How to Handle Your First Child When You Go into Labor with Your Second

Your older child knows there's a baby on the way, but what will you tell her when your contractions kick in or you make a mad dash to the hospital?

My contractions were coming seven minutes apart," remembers my friend Katie. "I had called my husband at work and my mother was on her way, but there I was with my daughter, braiding her doll's hair while I was doing Lamaze breathing! I just didn't want her to get scared."

Most mothers agree that going into labor with their second baby is a completely different experience from the first. "The first time, I was concerned only about myself and my fears," recalls another mom, Michelle. "With my second, I was consumed with details: Would the baby-sitter get here on time? Would my son be upset if he saw me in pain?" In fact, Michelle was driving on the expressway with her 3-year-old son when she felt her first contraction. "I pretended that everything was fine, but every time I took a loud cleansing breath, he looked at me really strangely," she says. "He knew something was up, but I didn't know what to say to him that wouldn't frighten him. I knew I couldn't deal with his crying while I was in labor."

You shouldn't hide the fact that you're in labor from your child, says Marion McCartney, director of Professional Services for the American College of Nurse-Midwives, in Washington, D.C. "There has been so much fear and mystery surrounding labor and birth in our society that our kids grow up being confused and apprehensive about the whole subject," she says. "It's usually better to be open and honest."

How much you should share, however, depends on the age of your child. "A 2- or 3-year-old can be easily frightened if he sees that you're in pain," says McCartney, "so it's best to distract your child and simply say, 'Mommy doesn't feel very well' or 'Mommy needs to lie down and rest.' " For a 4- or 5-year-old, McCartney suggests giving basic explanations along with reassurance that Mommy will be okay. Here are some examples of what to say:

  • "A contraction is like getting bumped in my tummy. It hurts a little, but it pushes the baby down and helps him or her get born."
  • "There's a special way that Mommy can breathe when the contraction comes so that it doesn't hurt as much."
  • "After a contraction, Mommy feels just fine. I just have to rest to get ready for the next one."
  • "Soon I'll go into a special room in the hospital where the doctor and nurses will help your brother or sister come out."

Your child may also become confused or anxious if she's with you when your water breaks. You can explain, "The water helped keep the baby safe and protected, and this is just the first sign that the baby is getting ready to be born."

Having a fail-safe plan can put your mind at ease. Of course, the best strategy for easing your apprehensions is to make definite arrangements for who will stay with your child when you go to the hospital. Since neither my husband nor I had relatives within 100 miles, we were counting on our daughter Annie's beloved sitter, Kate. She was a part-time student at a nearby college, and she insisted that we could call her day or night when I went into labor. "I can be there in less than half an hour," she promised.

But I couldn't realistically expect her to sit by the telephone for the entire month of April, so we came up with a fail-safe plan: If Kate wasn't at home, I would call her mother, who lived around the corner, and she would come over. In addition, a neighbor offered to take Annie to her house in case neither Kate nor her mother was available. Knowing that I had several options really helped me sleep better during the last few weeks of my pregnancy. As it turned out, my water broke at 11:00 p.m. on a Sunday, and Kate made it to our house 20 minutes later. We never had to use either of the backup plans, but I was glad that I had them.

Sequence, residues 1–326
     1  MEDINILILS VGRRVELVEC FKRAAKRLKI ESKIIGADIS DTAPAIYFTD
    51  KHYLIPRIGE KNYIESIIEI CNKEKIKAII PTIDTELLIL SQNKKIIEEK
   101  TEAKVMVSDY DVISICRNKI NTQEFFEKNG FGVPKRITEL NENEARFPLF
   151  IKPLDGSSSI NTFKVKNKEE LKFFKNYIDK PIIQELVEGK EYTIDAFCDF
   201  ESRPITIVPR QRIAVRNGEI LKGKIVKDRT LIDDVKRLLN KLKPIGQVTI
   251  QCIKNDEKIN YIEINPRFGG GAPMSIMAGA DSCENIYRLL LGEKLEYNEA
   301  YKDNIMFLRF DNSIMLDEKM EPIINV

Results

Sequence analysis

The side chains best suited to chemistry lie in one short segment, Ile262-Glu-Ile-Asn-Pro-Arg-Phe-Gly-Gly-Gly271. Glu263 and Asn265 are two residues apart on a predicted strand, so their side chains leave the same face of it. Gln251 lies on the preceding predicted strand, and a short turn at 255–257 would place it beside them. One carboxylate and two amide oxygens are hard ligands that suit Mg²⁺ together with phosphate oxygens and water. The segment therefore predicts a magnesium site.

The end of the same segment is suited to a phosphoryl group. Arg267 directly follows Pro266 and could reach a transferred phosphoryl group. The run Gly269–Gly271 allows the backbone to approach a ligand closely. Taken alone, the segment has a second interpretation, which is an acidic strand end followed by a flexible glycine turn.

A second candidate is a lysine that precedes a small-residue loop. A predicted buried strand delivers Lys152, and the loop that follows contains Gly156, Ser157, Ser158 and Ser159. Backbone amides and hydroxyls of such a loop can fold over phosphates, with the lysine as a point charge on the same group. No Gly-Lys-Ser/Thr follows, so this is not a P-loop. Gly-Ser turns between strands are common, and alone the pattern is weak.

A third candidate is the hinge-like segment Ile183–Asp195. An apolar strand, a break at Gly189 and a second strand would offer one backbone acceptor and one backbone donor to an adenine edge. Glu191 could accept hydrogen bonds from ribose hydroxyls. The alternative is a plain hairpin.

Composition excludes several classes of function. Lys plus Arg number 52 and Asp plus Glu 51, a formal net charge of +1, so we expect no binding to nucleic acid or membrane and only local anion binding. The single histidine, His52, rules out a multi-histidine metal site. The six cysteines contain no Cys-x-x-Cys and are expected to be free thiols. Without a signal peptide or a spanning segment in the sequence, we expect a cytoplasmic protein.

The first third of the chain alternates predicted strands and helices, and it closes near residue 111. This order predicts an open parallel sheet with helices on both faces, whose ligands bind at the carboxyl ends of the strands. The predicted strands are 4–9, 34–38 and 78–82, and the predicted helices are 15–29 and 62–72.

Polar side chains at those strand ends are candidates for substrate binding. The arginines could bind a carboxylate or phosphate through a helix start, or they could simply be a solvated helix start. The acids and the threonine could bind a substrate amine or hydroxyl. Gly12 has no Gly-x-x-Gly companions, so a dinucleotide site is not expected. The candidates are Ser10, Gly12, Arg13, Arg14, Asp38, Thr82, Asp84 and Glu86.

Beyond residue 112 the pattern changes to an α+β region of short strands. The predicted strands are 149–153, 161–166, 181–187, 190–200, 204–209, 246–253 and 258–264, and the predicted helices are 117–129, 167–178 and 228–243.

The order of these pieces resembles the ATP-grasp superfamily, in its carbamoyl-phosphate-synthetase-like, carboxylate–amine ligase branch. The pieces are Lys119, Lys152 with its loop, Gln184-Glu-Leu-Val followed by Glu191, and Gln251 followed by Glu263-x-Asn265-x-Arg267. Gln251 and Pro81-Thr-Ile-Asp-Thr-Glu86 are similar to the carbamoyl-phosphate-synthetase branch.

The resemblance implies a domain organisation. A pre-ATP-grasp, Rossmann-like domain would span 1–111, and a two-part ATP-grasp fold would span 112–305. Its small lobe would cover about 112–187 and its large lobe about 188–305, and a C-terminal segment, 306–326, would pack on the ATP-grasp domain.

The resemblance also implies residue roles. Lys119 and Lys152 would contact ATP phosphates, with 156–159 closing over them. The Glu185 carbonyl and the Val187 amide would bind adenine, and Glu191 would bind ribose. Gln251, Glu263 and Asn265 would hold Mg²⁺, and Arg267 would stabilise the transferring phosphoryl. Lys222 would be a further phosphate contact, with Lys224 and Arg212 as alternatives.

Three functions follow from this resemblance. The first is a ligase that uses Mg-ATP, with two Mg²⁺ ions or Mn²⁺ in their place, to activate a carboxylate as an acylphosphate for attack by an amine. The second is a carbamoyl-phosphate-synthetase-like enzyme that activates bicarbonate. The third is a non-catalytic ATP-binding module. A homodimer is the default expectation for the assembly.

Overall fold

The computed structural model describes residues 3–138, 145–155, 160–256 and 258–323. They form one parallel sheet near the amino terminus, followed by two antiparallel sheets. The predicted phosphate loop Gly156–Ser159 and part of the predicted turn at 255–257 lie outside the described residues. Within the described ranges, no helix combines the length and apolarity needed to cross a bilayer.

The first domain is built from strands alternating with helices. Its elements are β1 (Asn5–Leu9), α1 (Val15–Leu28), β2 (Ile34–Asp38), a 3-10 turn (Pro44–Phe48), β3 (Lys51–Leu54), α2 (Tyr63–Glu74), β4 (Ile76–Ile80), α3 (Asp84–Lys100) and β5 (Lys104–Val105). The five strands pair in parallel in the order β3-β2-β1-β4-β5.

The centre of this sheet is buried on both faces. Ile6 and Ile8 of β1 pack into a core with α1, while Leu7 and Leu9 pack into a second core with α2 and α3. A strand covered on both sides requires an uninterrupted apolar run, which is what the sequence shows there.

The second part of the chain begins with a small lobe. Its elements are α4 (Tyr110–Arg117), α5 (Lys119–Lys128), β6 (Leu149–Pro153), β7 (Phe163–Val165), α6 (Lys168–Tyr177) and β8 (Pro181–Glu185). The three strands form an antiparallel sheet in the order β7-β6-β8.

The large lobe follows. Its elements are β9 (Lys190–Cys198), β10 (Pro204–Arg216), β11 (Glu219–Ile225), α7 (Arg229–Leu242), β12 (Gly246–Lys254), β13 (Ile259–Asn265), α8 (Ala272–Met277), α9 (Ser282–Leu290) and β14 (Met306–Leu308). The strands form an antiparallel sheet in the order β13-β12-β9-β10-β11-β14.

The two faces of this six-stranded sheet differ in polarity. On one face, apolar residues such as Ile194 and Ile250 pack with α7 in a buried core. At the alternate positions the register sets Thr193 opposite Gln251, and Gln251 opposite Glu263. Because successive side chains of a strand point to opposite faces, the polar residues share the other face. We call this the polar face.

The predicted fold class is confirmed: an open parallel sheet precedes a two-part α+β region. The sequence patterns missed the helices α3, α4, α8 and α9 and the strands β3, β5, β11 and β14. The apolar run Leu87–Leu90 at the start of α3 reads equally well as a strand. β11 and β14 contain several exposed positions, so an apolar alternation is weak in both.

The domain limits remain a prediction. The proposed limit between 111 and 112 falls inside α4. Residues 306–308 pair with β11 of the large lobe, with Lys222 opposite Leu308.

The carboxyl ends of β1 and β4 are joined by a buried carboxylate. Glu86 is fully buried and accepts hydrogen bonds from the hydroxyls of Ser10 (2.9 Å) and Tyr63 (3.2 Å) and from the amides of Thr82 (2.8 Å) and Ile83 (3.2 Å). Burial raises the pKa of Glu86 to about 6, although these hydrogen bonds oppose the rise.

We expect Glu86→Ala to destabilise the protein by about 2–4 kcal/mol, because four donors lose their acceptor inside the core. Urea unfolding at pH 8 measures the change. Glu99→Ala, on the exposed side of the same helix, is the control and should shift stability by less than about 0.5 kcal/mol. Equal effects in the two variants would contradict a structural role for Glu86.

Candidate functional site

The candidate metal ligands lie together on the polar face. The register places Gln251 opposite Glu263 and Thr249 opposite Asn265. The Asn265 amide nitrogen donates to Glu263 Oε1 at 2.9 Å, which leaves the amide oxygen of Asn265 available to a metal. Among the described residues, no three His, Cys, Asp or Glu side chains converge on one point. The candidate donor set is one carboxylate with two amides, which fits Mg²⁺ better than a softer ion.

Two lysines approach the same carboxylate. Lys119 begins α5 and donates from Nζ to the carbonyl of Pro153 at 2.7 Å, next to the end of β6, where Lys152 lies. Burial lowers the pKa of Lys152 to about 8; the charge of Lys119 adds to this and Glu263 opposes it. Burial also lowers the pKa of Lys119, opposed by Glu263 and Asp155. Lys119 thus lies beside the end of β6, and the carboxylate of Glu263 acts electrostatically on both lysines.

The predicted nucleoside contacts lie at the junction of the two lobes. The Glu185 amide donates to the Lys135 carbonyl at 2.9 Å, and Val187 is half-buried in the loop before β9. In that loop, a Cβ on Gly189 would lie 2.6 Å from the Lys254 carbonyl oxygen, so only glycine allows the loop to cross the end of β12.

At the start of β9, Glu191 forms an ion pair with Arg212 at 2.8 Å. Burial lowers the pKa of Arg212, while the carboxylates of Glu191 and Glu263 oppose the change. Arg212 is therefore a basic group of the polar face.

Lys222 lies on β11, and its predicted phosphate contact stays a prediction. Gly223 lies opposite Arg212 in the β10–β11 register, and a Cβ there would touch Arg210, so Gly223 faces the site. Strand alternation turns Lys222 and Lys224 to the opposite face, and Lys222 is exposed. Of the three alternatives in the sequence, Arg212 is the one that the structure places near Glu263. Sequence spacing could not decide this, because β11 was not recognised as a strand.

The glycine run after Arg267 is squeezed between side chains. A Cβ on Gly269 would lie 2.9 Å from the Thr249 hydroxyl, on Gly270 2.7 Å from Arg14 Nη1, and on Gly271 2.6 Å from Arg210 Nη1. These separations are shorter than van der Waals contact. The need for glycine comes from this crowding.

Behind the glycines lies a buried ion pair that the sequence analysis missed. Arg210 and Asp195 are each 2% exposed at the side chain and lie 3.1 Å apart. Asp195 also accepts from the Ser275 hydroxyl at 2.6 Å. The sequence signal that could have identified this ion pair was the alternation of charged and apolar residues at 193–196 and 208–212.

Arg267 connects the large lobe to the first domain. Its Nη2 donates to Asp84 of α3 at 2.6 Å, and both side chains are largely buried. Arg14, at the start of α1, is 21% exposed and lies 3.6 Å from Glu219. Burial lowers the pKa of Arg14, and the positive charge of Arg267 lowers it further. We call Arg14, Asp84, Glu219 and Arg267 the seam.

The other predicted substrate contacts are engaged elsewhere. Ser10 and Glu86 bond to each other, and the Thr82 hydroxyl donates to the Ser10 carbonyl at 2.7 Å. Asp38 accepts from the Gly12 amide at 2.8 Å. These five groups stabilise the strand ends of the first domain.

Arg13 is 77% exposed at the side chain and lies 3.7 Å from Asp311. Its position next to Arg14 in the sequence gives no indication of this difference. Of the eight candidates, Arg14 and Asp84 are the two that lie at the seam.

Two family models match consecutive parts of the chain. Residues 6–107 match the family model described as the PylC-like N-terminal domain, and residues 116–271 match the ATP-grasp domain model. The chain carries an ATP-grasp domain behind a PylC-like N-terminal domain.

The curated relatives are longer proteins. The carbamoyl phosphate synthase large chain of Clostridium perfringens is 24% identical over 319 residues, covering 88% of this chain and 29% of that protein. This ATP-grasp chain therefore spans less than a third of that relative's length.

By the third trimester, your child undoubtedly knows that he's going to have a new brother or sister soon. But he may think that the baby is going to magically appear and that life will go on normally. It's important that you prepare your child for what will happen to him that day. Explain, for example, that you and Daddy will be going to the hospital and that Aunt Mary will be coming to stay with him at home.

You will also need to let your child know that it may be a while before he'll be able to visit you and the baby. To a toddler or preschooler, 3 hours can seem like a whole day, and 12 hours can feel like an eternity. Since you obviously won't know for sure how long your labor is going to be, you'll need to prepare him for the seemingly endless wait. Saying, "You might not see the baby until after school is over" or "Aunt Mary might stay overnight if the baby doesn't come right away" can help give him a more concrete understanding of time.

Give your older child a hospital tour. A sibling preparation class is a wonderful resource for your older child, but if your hospital doesn't offer one, bring her to the maternity ward (as well as the gift shop and the cafeteria) in advance of your labor. Remind your child that you'll definitely call her at home while you're there.

Some parents want their older children to be at the hospital when they give birth so that family bonding can start right away. In this case, your child will need an adult to stay with him the whole time, which can take many hours. Most children under age 8 don't have the patience to wait, says McCartney, and even older children can be scared by hospital equipment and the sounds of women in labor. If your child is at home with a trusted caregiver or grandparent, you'll probably feel much more comfortable -- and so will your child.

Copyright © 2000 Joan Leonard. Reprinted with permission from the March 2000 issue of Parents magazine.

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